Indiana Girls School
|Indiana Girls' School|
|Current Status||Closed (as a juvenile facility)|
|Building Style||Cottage Plan|
In 1869, Indiana established the first detention facility in the country that was exclusively for females. Originally named the Indiana Reformatory Institution for Women and Girls, it was located just east of downtown (on Randolph St., between Michigan and New York) and housed both juvenile (ages 10 to 18) and adult offenders. In 1899 the two groups were separated since it was believed that the women were a bad influence on the girls, and in 1907 the girls were moved to a new set of buildings west of the city, on what is now Girls School Road. It was at that time that the name of the facility was changed to the Indiana Girl’s School.
Girls were committed via court order. The reasons for commitment included truancy, using bad language, incorrigibility, intoxication, immorality, and smoking cigarettes. Once there, the girls were assigned a course of training by a committee. The available training programs varied over the years and included such things as home management, needlecrafts, foods, clothing, waitress training, beauty culture, and nursing. Most girls stayed at the facility at least a year. Once they completed their program satisfactorily, they were released on probation, which lasted another year. Once that was completed they were typically allowed to return to their families.
In 1914, one girl in the school lost her life to a Diphtheria epidemic which sickened forty-six other girls. The school first started a parole system in 1926. On September 10, 1964, the Indiana State Police were dispatched to the school in order to stop a riot that involved 200 girls. A Grand Jury started an investigation of the riot, and discovered that there were many factors that led to the incident, including homosexuality, drug usage, and a lack of respect for the school’s superintendent. The school also had 65 girls escape during this time. In 1985, some girls filed a lawsuit against the school alleging that the school had made them stay in their cells wearing nothing but socks and underwear, but this charge was later dropped.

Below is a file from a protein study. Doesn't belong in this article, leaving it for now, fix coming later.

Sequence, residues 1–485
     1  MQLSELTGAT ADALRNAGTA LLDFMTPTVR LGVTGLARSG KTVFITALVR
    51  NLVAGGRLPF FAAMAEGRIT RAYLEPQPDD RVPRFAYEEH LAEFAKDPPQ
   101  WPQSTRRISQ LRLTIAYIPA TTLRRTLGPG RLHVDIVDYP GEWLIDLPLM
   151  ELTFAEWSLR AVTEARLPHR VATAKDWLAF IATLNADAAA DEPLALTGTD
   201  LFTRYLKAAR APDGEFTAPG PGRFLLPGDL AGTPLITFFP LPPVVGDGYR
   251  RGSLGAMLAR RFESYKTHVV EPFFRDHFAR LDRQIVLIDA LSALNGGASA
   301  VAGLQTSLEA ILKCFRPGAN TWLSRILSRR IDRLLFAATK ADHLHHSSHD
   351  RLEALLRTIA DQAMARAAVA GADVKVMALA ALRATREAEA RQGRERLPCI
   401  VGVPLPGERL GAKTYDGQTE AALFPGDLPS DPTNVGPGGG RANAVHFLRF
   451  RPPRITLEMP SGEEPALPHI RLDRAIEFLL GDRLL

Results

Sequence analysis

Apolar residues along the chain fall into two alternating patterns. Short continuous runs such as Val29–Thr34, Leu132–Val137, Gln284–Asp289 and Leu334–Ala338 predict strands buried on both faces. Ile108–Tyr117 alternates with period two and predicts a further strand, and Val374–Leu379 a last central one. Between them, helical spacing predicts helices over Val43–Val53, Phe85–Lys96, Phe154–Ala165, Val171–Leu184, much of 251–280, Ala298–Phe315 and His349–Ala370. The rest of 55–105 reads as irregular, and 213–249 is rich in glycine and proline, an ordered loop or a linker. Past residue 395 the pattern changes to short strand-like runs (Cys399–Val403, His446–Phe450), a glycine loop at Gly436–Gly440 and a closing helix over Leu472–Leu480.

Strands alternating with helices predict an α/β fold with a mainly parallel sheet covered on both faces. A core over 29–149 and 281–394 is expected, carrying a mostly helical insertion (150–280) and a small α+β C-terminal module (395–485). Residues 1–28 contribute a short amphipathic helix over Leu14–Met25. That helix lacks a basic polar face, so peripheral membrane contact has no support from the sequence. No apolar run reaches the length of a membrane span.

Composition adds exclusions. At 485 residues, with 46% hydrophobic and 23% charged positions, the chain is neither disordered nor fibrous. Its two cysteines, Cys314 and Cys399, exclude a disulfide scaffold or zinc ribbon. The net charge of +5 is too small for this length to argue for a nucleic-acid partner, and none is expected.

In 1996, the facility was renamed The Indianapolis Juvenile Correctional Facility. Despite the name change, the facility functioned as an all-girls school until January 2006, when juvenile males were moved onto the same grounds from the former Indiana Boys’ School in Plainfield, Indiana (though they were later removed from the facility, making it all-female once again).
On July 7, 2009, it was announced by Department of Corrections Commissioner Buss that Indianapolis Juvenile Correctional Facility's population will move to a site near a state hospital in Madison, Indiana ending the 102 years as the Indiana Girls School. The Indiana Womans Prison, located Downtown Indianapolis, will move to the old Girls School to accommodate overcrowding. Some male inmates located near Plainfield Correctional Facility will move into the old Woman's Prison downtown. All the changes will be made by year's end.
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